Information and communication technologies are leading society into a new paradigm of coexistence, where the virtual is gaining ground every day in all daily activities, including science, politics, e-commerce, tele-education and all the systems of mass persuasion never seen before.

The social distancing and quarantine in the wake of the COVID-19 pandemic is imposing the so-called “new normal”, which definitely implies that the old mental and social structures take on a garb where everything passes through the information highway and new technologies.

The economy, education and social life are all “virtual”. As I have argued in previous articles, the development, application and use of new technologies is engendering new forms of digital slavery, which are part of the economic machinery and generate new modes of production and increasingly refined and sophisticated mechanisms of social adaptation.

Today, under the empire of the Internet, many believe they have a certain power from their “smartphone”, which is also the spearhead to be subjugated. Nothing is more effective for the labour system than its self-reproduction in the psyche and mind of those who sustain it with their labour power and “the sweat of their brow”, i.e., with the energy of their own lives.

In Peru today, there is increasing talk of “telework”, “virtual work”, “remote work” and “on-line work”. While it is true that the Internet facilitates communication and allows many to “work from home”, there is another side to the coin. But it is also clear that technology is now a decisive factor in the perpetuation of a system based on objective subjugation, but with a strong charge of mental control. This was already visible with the so-called “mass culture” proposed by the rise of radio and television.

In this sense, modern consumer workers, under the dictates of the labour market and digital consumerism, are driven in the totality of their lives by a kind of “remote control” and far from recognising and breaking their alien determination, they constitute without doubt and “hidden in plain sight”, the new slavery of the 21st century.

It seems that the enslavement of the mind and thus of human behaviour reaches irreversible levels, because of the mental and bodily doubling that acts mercilessly on its victims to prevent them from rebelling against an inherently inhuman and exploitative social order.

Those of us who question these modes of slavery will continue to struggle for the formation of a global consciousness to counteract and end all forms of economic exploitation, political oppression, social discrimination and human alienation.

But labour systems are counterbalanced by the demands of a consumer society, now increasingly monetised through electronic money and new digital currencies such as bitcoins. The pressure to buy is strong. The message seems to be: “Buy and be happy”. And if you can’t afford to buy, you are marginalised.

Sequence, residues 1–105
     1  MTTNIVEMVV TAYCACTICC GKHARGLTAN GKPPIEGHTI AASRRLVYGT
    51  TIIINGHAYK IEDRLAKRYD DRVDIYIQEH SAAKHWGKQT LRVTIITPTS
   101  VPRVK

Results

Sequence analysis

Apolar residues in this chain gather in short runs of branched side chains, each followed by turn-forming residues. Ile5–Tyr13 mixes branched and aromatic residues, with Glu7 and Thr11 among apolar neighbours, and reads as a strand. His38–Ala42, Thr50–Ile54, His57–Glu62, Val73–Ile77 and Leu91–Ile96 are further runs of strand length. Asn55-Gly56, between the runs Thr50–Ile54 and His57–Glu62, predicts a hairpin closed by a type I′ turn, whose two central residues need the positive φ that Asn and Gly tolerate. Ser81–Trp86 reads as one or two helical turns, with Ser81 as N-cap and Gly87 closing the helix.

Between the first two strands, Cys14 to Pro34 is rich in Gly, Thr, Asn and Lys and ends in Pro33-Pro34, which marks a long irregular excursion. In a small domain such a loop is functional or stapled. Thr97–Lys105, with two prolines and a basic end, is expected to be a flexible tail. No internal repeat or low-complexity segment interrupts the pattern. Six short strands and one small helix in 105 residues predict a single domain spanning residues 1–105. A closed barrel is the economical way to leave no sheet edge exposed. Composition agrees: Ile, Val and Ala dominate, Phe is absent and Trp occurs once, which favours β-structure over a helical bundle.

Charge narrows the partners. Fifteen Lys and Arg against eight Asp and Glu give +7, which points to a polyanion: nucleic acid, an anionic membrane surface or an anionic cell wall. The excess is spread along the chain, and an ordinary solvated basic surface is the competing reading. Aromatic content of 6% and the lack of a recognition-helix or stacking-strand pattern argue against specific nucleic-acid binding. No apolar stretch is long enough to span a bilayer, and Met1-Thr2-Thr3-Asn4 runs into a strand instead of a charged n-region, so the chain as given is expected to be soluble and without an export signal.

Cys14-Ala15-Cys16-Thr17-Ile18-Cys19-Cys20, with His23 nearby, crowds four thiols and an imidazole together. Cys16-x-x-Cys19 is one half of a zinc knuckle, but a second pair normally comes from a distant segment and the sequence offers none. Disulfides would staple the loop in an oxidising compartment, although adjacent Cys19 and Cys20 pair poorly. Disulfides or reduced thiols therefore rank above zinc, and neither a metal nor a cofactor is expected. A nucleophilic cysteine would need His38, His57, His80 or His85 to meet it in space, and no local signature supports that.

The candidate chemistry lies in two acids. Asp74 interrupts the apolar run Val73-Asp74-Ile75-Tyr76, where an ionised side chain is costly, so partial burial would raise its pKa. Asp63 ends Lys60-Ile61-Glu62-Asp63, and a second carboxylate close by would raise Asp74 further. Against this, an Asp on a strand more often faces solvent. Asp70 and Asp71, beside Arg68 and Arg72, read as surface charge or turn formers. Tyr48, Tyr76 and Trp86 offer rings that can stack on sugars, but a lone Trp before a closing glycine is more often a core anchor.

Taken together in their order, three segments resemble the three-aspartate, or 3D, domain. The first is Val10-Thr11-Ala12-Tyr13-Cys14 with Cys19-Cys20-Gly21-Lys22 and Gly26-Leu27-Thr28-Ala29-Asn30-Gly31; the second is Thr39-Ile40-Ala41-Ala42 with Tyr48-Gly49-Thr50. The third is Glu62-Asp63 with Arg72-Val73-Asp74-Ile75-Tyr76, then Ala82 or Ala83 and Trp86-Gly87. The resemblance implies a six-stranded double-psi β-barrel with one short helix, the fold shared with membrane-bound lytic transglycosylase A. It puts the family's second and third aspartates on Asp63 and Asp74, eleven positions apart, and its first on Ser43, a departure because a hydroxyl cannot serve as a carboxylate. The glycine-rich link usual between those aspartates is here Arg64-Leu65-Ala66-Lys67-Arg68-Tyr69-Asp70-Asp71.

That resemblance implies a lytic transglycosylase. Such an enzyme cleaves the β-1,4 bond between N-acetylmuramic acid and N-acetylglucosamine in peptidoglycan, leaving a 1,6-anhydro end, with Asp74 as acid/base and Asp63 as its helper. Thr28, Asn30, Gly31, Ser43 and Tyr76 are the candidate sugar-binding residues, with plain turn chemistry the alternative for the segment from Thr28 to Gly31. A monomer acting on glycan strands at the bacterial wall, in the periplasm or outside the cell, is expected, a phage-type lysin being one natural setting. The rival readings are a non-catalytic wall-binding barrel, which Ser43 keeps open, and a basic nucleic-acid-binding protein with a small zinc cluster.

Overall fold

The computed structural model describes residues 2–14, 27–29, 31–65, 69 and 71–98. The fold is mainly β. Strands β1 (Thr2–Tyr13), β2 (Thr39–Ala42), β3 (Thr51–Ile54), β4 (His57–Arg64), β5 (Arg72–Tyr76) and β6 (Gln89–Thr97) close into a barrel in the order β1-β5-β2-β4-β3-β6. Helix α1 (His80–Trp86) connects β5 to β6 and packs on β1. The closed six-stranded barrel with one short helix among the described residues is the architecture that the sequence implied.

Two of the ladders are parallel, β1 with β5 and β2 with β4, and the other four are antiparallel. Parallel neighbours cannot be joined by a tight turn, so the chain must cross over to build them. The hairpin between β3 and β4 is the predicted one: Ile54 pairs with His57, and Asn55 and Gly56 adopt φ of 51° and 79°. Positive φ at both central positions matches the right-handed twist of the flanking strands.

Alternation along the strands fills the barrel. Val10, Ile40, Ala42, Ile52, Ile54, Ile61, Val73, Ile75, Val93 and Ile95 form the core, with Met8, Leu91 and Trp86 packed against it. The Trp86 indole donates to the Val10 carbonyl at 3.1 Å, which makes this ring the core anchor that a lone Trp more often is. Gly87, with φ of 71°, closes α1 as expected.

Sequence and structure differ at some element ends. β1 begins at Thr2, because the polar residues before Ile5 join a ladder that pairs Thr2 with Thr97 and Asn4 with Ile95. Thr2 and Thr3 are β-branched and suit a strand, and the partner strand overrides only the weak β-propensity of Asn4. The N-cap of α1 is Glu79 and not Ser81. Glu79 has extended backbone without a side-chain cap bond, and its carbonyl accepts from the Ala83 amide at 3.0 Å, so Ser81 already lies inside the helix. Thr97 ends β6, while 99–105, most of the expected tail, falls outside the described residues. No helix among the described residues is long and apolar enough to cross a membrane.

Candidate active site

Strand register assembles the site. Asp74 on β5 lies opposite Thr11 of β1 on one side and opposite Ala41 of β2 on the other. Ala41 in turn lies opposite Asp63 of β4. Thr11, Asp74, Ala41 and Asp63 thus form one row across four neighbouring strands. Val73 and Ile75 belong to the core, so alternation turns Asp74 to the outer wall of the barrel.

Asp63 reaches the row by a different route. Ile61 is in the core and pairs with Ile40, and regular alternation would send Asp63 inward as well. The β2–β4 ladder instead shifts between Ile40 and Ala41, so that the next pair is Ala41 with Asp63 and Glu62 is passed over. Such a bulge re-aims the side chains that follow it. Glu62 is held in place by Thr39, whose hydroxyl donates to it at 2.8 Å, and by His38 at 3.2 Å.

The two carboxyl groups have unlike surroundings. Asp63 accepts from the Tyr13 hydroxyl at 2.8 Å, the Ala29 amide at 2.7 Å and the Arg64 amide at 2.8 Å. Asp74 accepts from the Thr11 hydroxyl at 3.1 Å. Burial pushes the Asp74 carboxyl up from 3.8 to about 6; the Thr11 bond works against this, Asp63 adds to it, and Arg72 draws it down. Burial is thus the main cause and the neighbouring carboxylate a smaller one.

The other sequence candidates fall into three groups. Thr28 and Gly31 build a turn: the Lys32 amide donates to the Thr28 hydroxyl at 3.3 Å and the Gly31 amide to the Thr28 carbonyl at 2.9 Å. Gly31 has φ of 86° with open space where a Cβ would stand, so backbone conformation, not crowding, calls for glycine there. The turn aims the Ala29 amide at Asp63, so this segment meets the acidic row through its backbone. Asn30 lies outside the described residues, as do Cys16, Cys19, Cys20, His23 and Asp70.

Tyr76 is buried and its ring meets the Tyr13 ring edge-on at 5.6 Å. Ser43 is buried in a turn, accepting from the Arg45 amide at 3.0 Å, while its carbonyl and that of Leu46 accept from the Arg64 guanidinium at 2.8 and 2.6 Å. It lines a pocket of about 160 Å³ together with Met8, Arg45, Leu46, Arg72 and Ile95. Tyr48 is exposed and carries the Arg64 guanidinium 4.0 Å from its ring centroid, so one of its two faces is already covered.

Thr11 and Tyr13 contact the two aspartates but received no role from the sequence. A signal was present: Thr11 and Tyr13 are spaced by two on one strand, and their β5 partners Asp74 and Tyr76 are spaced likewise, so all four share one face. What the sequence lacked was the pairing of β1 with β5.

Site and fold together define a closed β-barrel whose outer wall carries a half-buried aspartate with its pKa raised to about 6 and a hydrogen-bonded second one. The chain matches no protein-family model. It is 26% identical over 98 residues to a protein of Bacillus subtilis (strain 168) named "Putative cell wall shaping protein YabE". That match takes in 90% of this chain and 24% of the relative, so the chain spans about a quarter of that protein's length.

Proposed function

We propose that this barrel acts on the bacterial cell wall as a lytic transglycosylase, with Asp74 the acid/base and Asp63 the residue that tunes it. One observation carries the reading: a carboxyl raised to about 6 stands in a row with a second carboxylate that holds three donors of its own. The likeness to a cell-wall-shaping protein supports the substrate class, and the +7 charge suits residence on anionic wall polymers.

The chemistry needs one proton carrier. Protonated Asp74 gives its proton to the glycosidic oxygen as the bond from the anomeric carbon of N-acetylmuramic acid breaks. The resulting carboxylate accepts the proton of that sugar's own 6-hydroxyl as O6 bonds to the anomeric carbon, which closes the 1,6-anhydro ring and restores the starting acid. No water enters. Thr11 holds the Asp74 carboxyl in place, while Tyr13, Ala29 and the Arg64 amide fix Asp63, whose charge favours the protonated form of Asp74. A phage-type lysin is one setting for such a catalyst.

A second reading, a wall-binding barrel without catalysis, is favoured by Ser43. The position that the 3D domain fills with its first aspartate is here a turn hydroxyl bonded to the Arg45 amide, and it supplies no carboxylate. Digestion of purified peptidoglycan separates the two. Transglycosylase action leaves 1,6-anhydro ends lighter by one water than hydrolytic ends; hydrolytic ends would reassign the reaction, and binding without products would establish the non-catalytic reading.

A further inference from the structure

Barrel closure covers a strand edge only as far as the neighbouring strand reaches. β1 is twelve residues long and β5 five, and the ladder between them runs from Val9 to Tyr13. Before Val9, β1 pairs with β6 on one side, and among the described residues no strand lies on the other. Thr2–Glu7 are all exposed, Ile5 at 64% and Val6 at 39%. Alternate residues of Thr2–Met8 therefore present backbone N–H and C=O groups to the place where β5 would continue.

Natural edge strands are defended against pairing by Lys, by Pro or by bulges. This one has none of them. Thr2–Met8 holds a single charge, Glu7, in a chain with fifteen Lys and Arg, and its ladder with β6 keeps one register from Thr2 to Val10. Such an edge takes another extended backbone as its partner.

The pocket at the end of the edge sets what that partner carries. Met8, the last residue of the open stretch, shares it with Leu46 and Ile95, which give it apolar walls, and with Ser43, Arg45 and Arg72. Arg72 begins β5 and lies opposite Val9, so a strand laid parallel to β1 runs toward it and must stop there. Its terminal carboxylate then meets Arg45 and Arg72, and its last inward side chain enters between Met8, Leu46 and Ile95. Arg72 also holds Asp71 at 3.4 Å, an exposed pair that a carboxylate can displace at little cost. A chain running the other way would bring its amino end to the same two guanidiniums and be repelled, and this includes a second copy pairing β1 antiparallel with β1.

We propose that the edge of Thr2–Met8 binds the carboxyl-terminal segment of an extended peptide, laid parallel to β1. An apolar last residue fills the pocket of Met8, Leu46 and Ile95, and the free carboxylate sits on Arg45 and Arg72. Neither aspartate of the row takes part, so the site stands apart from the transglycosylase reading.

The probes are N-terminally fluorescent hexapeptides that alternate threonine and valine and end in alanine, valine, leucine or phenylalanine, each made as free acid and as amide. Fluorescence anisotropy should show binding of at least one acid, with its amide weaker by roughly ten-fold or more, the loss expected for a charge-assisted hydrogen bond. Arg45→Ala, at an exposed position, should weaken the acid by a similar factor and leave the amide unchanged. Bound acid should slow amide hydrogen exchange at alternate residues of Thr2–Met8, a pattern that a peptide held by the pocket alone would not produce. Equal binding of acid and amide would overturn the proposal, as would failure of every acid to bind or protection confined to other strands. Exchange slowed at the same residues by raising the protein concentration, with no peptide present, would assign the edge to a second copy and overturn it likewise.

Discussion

There is a very strong socio-cultural and social pressure to buy. One of the growing markets is that of new information and communication technologies. And mobile telephony is tantamount to connection to the world. Staying up to date in communication is essential to be able to make decisions. But devices are also being renewed at a dizzying pace, which accelerates the obsolescence of “novelties”. What is new today will be a useless artefact tomorrow, a museum piece.

It seems that they want to inoculate us with the idea that having a latest generation phone means being in tune with today’s world and especially being able to access the most popular social networks on the Internet: Facebook, Instagram, TikTok, YouTube, WhatsApp, among many others. There are massive downloads of music, videos and other applications, for example to find a safe taxi, among other “apps”.

And now – in the wake of the pandemic – teleconferencing and even digital social gatherings and ceremonies via the screen are booming.

There is aggressive marketing to convince various sectors to buy into this wave, even with the utopia of false leaderships, groups or “collectives”, but in the end they all succumb to the system.

The human being at a new crossroads, with the risk of an idiotisation driven by “popularity rankings”. It is a paradox: many people go out of their way for a “like” or a “like on Facebook”, putting their history and privacy in the hands of the powerful companies that manage social networks.

From a phone in our hands, we have access to travel the world, navigating the almost infinite universe of the Internet, where there are websites for information and entertainment, and especially powerful search engines for information, now with “cloud” services for storing photos and files. On the other hand, hackers commit crimes using the vulnerability of the system.

It is a consumer society, where commercial exchanges dominate the scene, the act of buying seems to be becoming the raison d’être of the system. The current pressure to produce and sell smartphones is very strong.

It is well known that human society is becoming more and more digital, and this phenomenon is affecting even the economic, social and cultural level, in various fields such as medicine, architecture, industry, science and art. We are on the information highway, travelling at full speed in cyberspace. Do we know where we are going?